Welcome to English 11:
What Will Your Verse Be?
What Will Your Verse Be?
Welcome to the online version of our English course. This year, our units of literary study will focus around central themes including the American Dream, the Power of Persuasion, the Pursuit of Happiness and an American Journey. From these central themes, we can begin to investigate not only how literary works address the many forms of finding personal and public decisions, but also how our own choices, and the choices of those around us, can shade our view of what we hope to achieve.
Through out our year,we will examine four quarter-long units that will take us through our year-long theme of the American Dream, as we read works ranging from F.Scott Fitzgerld's The Great Gatsby to Khaled Hosseini's The Kite Runner in conjunction with our readings of poetry and nonfiction from the grade 11 College Board Springboard series. Along the way, we will prepare for the Common Core English Regents (TUESDAY, JUNE 2nd) as well as the PSATs (October) and SATs (May-June).
As we read our selections, we will also examine how these works and themes can be examined daily in our lives. Through supplemental readings from newspapers, magazines and other nonfiction sources, we will use close-reading techniques to examine how author's examine the many elements of the American culture and the American dream.
Finally, we will see how many other themes, including personal choices, honor and dishonor, betrayal and loyalty, and race and difference can all be found within these same works. While exploring these themes, we will work to understand the many writing strategies authors and poets use to inform their readers, including rhetorical techniques like anaphora, allusion, irony and rhetorical appeals (ethos, pathos, logos) as well as literary elements like symbolism, motif, imagery, setting, and characterization.
On these pages you will find everything you need for a successful year in our course. As you can see, this page contains our course outline and requirements, our course essentials page (for important writing links) and Regents/SAT links and reminders. Additionally, you can also access our blog from this page and submit online homework assignments. As the year progresses, I will post assignments to this site and ask you to build pages as well.
Necessary Course Supplies
In order to begin, each student will need a few start-up materials. The following is a short list of necessary objects that students must bring for class:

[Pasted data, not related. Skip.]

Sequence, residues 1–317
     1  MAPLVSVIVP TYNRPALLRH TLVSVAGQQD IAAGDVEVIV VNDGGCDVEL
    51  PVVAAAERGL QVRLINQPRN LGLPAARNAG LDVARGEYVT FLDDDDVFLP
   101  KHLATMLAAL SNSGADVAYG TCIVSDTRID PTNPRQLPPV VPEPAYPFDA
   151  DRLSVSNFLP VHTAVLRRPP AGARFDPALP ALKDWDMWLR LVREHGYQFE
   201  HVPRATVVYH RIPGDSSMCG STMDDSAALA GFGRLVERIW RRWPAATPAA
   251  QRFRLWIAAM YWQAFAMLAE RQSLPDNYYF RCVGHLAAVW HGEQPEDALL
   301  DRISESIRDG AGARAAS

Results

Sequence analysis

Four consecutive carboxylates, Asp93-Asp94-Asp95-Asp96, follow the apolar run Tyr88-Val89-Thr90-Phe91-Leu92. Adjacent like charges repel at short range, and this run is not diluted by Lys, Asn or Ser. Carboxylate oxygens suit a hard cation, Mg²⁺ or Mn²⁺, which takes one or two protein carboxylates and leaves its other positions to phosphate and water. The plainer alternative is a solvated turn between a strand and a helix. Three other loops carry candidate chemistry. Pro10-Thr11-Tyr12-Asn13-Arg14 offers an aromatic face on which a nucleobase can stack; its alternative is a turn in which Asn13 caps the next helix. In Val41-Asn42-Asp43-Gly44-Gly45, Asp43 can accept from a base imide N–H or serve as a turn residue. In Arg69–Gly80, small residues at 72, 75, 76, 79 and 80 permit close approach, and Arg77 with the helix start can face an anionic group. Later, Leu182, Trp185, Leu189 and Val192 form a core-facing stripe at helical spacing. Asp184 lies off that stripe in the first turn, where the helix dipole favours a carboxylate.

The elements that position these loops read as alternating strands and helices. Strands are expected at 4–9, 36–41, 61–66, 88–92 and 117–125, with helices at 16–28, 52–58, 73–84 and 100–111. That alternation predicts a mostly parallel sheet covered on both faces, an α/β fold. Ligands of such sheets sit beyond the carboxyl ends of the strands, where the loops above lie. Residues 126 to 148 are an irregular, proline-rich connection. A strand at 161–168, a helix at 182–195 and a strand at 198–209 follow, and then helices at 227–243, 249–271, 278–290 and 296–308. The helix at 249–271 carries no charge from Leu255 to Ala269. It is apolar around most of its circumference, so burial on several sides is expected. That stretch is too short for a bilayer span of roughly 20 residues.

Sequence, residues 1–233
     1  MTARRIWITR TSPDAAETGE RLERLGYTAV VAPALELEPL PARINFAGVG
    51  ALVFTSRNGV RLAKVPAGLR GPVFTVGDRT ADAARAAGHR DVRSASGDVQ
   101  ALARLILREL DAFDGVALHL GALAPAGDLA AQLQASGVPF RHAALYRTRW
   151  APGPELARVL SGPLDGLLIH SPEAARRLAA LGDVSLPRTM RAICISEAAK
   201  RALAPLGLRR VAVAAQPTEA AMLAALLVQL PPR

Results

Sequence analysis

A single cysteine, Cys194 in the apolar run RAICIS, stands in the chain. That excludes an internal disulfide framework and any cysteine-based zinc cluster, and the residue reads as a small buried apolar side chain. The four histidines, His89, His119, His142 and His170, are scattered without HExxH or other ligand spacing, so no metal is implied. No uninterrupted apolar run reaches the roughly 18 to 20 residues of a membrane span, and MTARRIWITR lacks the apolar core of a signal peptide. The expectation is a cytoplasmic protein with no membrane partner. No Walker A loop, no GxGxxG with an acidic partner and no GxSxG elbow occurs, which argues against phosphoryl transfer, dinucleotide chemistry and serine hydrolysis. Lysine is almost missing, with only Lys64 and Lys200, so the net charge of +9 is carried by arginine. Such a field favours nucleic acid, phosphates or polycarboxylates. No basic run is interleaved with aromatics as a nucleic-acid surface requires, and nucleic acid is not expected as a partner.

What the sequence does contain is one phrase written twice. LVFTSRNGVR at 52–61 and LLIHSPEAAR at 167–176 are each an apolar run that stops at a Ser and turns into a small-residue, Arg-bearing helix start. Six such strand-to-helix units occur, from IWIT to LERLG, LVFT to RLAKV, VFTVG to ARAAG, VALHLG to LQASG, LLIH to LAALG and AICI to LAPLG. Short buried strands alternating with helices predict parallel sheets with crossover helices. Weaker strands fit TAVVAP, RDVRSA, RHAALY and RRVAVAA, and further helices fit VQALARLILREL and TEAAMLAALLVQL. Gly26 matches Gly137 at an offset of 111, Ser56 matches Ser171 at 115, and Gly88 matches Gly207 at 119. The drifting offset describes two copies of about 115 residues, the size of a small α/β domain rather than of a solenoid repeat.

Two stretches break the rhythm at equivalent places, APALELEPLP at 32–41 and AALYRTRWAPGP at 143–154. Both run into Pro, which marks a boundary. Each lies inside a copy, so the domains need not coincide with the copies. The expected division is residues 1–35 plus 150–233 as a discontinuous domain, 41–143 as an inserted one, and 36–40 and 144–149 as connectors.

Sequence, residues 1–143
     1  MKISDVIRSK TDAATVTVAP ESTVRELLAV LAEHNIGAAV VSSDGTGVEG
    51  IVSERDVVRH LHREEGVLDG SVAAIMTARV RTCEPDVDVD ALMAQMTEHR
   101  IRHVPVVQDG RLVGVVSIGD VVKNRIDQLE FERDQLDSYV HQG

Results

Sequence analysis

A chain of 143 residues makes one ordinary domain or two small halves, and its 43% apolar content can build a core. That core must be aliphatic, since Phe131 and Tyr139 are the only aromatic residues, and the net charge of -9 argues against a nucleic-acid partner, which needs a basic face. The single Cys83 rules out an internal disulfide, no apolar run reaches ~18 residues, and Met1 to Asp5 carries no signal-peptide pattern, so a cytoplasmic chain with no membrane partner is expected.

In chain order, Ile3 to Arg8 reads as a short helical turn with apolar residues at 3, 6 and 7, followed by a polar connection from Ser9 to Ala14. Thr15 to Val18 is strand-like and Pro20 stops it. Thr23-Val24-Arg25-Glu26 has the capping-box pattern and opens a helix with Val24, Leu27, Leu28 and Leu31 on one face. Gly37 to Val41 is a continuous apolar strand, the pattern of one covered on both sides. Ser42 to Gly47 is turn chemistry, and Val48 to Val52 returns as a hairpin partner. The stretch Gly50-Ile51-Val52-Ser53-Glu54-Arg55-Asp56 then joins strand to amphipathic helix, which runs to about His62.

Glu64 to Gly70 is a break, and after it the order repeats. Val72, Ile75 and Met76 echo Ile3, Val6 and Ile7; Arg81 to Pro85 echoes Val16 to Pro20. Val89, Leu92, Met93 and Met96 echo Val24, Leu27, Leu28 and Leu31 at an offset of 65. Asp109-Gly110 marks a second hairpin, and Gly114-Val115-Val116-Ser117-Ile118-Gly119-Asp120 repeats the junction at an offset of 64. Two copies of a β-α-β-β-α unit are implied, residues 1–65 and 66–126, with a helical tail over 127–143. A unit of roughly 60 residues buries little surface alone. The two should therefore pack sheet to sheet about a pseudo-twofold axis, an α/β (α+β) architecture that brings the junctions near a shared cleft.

- One three-ring binder
- Access to Google Drive
- Post-it notes
- Loose-leaf paper
- Pens and pencils
- Although we provide some SAT preparation materials, I strongly suggest that students purchase a NEW SAT preparation book from College Board, Kaplan, or Princeton Review. I also recommend that students enroll in some type of SAT preparation course to prepare for the exam.
Class work and Participation (10%)
Students must be on-time for class, prepared with daily materials, and ready to participate in class discussions and activities. Tardiness and lack of preparation will result in a loss of three points from the class work grade; cutting will result in a loss of five points from the classwork grade each quarter. In addition, students who are consistently absent from class for over 28 days will be subject to a loss of course credit.
Homework will be given regularly and checked. Failure to submit homework will result in a loss of points from the homework grade. Late assignments (those left in a locker, eaten by the dog, or stolen by the tooth fairy) will not be accepted for full credit.
Frequent quizzes, both announced and unannounced, will be given on assigned readings, articles, and SAT materials. If homework is not completed (assigned readings and notes), students will often perform poorly on quizzes.
Formal Assessments (40%)
Class projects, essays, and research papers will be given each quarter. Late, messy, or incomplete work will not be accepted.
Note on Absence
If you are absent, it is YOUR responsibility to obtain the assignment and complete it for your return to class. Quizzes and tests will not be waived due to absence. If you need any assistance during your absence, please email me at firstname.lastname@example.org.
English 11 is a demanding course, but I am here to help you. I will provide extra help during free periods (student lunch). Please see me if you need to make additional or alternative arrangements.
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